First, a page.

The number of corn buntings has stabilised in Aberdeenshire according to a Scottish Natural Heritage (SNH) report.
Corn buntings are farmland birds which are at high risk in the UK after dramatic population declines and range contractions.
They are red-listed in the UK, which means they are considered the highest conservation priority with urgent action needed. Once widespread, the birds are now only found in four main areas of Scotland – Fife, Angus, the Western Isles and the stronghold of Aberdeenshire and Moray.
There was a slight increase in corn bunting numbers across the 48 farms surveyed, with 246 territorial males in 2015, compared with 232 in 2008–09. This is in sharp contrast with severe, long-term decline across Scotland in the 1970s to 2000s.
Jessica Shaw, SNH ornithologist, said: “It’s wonderful news that the number of corn buntings in Aberdeenshire has stabilised, with the good work done by many farmers in the area. But we can’t be complacent, as the population is still much lower than 20 years ago. We’re committed to working with farmers to increase the number of corn buntings in Scotland.”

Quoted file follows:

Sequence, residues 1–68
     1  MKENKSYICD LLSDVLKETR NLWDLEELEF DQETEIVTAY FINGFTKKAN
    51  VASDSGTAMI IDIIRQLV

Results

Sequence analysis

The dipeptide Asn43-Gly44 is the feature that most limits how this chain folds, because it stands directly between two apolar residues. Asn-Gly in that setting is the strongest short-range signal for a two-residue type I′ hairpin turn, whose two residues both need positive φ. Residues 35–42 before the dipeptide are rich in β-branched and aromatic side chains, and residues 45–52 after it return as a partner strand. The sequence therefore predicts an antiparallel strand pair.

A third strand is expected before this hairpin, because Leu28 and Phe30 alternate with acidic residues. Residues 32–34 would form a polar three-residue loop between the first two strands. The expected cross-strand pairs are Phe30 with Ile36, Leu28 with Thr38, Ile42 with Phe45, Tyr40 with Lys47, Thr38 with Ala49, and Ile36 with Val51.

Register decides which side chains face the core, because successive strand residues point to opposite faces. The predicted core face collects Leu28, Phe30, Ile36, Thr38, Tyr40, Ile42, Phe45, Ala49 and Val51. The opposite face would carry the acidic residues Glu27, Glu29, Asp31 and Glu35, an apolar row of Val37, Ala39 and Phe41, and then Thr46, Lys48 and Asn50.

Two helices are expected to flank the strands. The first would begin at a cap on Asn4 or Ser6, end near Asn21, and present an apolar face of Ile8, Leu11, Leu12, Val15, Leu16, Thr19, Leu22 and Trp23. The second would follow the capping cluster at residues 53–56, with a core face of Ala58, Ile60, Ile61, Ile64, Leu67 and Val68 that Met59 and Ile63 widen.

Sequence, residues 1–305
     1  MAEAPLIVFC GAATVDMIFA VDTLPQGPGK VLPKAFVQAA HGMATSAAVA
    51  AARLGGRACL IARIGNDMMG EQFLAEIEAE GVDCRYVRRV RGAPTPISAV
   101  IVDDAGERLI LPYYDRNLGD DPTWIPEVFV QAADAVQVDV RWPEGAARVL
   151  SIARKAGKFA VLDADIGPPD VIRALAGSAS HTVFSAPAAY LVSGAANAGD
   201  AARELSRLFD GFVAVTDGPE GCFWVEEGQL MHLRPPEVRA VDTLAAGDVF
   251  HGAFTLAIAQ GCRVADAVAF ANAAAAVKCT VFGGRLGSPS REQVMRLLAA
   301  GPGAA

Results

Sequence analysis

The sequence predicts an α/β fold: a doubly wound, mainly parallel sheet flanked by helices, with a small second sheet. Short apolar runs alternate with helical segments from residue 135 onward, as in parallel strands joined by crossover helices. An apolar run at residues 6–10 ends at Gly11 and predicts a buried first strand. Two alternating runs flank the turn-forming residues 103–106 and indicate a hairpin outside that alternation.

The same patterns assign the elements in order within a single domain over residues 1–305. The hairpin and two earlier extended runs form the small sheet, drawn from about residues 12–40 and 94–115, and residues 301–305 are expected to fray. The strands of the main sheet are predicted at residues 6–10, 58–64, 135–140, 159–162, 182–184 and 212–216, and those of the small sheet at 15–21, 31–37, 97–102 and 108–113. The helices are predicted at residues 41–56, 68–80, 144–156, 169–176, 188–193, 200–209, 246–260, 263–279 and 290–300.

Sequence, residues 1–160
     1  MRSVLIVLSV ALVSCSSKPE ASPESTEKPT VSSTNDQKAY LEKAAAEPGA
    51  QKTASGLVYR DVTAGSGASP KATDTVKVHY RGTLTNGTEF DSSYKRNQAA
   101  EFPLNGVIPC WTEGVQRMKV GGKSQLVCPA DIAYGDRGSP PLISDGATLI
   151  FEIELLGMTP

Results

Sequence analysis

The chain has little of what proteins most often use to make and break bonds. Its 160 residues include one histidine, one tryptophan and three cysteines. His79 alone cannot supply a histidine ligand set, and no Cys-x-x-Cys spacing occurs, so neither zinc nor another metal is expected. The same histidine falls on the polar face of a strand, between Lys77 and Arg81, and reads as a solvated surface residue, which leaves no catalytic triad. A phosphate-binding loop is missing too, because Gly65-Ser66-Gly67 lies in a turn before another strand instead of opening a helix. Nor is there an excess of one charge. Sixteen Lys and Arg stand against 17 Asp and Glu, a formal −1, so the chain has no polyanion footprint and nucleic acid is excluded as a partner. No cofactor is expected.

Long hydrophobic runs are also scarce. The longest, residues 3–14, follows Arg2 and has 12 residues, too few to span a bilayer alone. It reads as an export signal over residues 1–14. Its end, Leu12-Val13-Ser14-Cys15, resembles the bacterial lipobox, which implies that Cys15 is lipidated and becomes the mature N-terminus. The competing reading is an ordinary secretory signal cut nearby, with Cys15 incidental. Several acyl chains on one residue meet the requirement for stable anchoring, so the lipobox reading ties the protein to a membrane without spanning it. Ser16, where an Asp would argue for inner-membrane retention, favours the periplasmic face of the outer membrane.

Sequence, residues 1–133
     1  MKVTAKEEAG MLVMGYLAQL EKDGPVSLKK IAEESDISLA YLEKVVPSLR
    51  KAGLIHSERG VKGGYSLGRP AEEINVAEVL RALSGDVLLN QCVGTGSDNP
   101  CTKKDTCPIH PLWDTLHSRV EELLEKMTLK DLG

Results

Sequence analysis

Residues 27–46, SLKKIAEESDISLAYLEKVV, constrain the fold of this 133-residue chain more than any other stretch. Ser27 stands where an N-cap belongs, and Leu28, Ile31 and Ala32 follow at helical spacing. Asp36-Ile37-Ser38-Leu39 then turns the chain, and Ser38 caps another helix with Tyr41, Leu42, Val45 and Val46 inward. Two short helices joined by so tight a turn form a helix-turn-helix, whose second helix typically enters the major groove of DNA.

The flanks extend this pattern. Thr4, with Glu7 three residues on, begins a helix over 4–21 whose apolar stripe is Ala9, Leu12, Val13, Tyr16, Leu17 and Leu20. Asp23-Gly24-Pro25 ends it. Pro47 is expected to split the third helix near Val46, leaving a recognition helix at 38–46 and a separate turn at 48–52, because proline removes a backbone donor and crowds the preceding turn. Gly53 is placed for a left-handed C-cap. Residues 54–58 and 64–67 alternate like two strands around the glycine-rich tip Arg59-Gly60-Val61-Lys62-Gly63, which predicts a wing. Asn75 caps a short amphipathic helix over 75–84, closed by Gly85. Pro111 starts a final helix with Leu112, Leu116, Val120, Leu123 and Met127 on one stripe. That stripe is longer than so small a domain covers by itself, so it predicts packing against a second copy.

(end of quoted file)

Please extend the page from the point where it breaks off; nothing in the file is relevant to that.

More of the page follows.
Allan Perkins, RSPB Scotland conservation scientist, said: "The results of the survey are very encouraging, and a reflection of the many years of partnership working with farmers in these areas to improve the fortunes of this fantastic bird. Corn buntings favour farmland which is managed less intensively, especially late-cut meadows and weedy cereal fields, along with a rich source of seeds and grain during winter. Government funding is available for this type of management, and we encourage more farmers to participate to help restore corn bunting numbers to what they were in the 1990s."
The current national population of corn buntings is estimated to be between 750 and 900 territorial males: this is 34 to 41% of the 2,200 estimated in 1993. The decline of corn buntings in Scotland and across much of Europe is mainly as a result of agricultural intensification.